Attorney: Globe column targeted Probation jury
Judge rejects bid to sequester panel
STATE HOUSE NEWS SERVICE
On the second day of jury deliberations in the probation trial, one of the defense attorneys accused the Boston Globe of an “attempt to manipulate the criminal justice system” by printing a front-page column with a strong take on the allegations.
Jurors began discussions Wednesday aiming to determine whether former Probation Commissioner John O’Brien and two of his former deputies, Elizabeth Tavares and William Burke, criminally rigged the hiring system in the department as part of efforts to curry favor with lawmakers who make decisions about the department’s budget.
“Favoritism hurtled to a corrupt extreme, and deserving workers fell by the wayside,” read the headline to the Wednesday morning column by Thomas Farragher, a new columnist for the Globe who previously led the Spotlight Team that ran an expose in May 2010 leading to O’Brien’s suspension.
John Amabile, who is representing Burke, claimed the timing of the column was intended to influence the jury as it went into deliberations, and asked US District Court Judge William Young to question jurors individually about whether they saw the Globe’s coverage and to sequester the jury.
Young denied Amabile’s motion and jurors shook their heads when Young questioned them collectively and generally about seeing media coverage.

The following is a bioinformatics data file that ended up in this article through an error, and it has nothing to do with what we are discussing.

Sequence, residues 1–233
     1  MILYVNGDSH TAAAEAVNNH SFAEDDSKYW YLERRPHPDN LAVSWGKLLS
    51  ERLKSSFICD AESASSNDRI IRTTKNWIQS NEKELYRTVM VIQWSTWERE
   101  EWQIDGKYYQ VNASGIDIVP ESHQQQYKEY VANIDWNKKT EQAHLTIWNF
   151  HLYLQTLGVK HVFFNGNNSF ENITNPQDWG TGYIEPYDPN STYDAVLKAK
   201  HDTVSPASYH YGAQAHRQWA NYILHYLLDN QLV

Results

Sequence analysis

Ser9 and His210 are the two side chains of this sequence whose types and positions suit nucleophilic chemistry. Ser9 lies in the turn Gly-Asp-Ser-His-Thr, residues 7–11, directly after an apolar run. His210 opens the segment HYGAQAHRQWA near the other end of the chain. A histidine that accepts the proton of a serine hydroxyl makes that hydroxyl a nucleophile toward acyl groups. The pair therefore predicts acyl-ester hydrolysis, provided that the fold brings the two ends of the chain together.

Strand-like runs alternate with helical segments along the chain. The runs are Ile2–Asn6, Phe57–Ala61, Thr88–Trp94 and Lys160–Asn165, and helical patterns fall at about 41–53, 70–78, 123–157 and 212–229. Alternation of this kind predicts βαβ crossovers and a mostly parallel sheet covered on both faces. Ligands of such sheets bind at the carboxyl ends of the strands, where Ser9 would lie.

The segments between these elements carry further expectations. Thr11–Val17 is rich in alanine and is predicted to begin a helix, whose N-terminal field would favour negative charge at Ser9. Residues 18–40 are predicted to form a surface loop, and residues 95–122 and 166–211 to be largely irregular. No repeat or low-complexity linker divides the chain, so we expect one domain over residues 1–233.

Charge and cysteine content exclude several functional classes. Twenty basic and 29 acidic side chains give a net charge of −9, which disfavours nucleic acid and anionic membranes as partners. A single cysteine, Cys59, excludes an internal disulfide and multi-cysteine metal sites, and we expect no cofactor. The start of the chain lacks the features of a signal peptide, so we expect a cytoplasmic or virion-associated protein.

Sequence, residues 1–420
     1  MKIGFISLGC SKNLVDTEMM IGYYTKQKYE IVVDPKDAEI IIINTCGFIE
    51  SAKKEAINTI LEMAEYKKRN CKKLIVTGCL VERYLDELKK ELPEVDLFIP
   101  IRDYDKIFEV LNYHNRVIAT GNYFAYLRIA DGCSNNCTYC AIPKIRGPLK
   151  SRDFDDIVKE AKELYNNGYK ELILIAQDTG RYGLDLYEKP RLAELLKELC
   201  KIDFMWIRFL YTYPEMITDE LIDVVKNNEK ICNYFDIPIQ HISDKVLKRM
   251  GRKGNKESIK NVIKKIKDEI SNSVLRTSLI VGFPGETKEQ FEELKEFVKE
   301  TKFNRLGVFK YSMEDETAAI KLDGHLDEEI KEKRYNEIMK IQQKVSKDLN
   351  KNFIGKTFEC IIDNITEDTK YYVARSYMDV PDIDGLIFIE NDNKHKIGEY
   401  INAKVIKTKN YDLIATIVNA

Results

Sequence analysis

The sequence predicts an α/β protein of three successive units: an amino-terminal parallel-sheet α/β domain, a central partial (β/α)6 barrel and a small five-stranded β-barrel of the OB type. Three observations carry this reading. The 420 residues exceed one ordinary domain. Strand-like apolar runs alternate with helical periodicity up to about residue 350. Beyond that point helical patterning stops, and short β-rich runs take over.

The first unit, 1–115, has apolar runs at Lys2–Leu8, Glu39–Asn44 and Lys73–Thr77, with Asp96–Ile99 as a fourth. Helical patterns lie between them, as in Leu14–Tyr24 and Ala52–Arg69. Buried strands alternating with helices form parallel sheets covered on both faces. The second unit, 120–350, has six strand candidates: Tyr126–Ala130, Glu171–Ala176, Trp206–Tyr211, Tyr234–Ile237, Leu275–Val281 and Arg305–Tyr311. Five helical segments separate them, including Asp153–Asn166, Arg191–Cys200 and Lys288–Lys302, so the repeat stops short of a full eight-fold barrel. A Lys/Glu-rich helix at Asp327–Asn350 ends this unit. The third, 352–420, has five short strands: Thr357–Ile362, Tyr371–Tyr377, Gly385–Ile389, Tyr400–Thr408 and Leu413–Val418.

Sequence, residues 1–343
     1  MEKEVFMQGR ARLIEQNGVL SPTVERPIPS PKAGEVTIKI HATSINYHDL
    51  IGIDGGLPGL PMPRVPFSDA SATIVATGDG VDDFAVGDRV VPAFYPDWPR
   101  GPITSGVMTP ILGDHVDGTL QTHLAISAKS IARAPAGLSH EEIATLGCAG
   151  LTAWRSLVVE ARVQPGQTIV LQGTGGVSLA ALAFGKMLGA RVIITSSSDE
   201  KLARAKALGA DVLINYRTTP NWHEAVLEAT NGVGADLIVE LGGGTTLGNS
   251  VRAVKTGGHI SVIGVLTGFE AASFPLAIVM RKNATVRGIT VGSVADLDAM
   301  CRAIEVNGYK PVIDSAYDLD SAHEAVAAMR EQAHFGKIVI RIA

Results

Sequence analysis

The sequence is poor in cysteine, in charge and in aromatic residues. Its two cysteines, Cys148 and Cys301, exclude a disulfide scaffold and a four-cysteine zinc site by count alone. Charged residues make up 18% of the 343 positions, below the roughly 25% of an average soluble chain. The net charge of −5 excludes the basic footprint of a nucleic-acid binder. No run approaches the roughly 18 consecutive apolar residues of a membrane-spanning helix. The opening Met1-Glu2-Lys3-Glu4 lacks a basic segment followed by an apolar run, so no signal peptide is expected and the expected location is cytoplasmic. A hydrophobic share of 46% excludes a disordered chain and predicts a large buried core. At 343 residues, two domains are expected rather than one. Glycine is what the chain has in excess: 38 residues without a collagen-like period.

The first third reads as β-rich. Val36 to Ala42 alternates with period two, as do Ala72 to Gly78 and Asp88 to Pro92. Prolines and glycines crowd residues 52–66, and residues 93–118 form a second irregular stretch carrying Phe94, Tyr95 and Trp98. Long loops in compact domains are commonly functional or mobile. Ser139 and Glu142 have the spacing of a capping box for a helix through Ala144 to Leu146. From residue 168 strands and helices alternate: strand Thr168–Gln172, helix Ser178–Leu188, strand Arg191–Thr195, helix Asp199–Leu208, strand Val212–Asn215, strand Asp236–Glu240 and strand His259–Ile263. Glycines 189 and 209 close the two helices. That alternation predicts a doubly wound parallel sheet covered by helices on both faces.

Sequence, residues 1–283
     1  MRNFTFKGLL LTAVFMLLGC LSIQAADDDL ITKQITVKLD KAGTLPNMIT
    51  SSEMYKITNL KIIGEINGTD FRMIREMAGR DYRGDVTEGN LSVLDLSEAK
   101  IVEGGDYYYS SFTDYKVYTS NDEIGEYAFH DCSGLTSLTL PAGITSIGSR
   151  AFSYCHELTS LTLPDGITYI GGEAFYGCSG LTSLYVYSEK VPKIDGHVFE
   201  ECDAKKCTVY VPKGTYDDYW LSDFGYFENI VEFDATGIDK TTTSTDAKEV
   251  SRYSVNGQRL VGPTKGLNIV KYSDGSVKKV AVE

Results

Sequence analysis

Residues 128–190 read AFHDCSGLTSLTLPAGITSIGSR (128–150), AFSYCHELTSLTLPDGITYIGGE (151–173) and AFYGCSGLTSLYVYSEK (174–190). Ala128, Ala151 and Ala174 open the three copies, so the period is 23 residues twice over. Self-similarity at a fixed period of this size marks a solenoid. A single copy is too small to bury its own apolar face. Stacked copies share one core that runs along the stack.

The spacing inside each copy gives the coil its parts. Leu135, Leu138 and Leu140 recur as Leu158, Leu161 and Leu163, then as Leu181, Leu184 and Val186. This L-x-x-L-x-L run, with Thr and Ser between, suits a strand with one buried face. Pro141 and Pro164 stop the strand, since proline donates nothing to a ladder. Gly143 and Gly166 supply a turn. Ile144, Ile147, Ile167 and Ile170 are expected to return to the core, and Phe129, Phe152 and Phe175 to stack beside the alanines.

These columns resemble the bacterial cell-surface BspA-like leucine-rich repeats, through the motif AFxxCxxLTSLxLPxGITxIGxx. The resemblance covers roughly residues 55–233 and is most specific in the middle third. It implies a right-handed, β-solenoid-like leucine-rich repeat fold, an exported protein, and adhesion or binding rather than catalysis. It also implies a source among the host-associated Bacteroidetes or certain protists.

Commentators have issued opinions on the trial from beyond the Globe’s Morrissey Boulevard editorial offices, with varying perspectives.
Speaker Robert DeLeo over the past week has become a regular pundit on the trial, criticizing federal prosecutors for what he says is their nonsensical and “scurrilous” accusation that he was part of a jobs-for-votes arrangement.
Young has repeatedly remarked at what close attention the jury has paid to the testimony in the courtroom.Media coverage became an issue during the trial when prosecutor Karin Bell asked Rep. Anne Gobi whether she reads the newspaper after she said she was unaware of DeLeo’s interest in the speakership in the spring of 2008.
“We plan to continue to perform our job, which is to produce high quality journalism. The defense attorneys are obviously free to pursue whatever tactics they choose,” said Globe spokeswoman Ellen Clegg.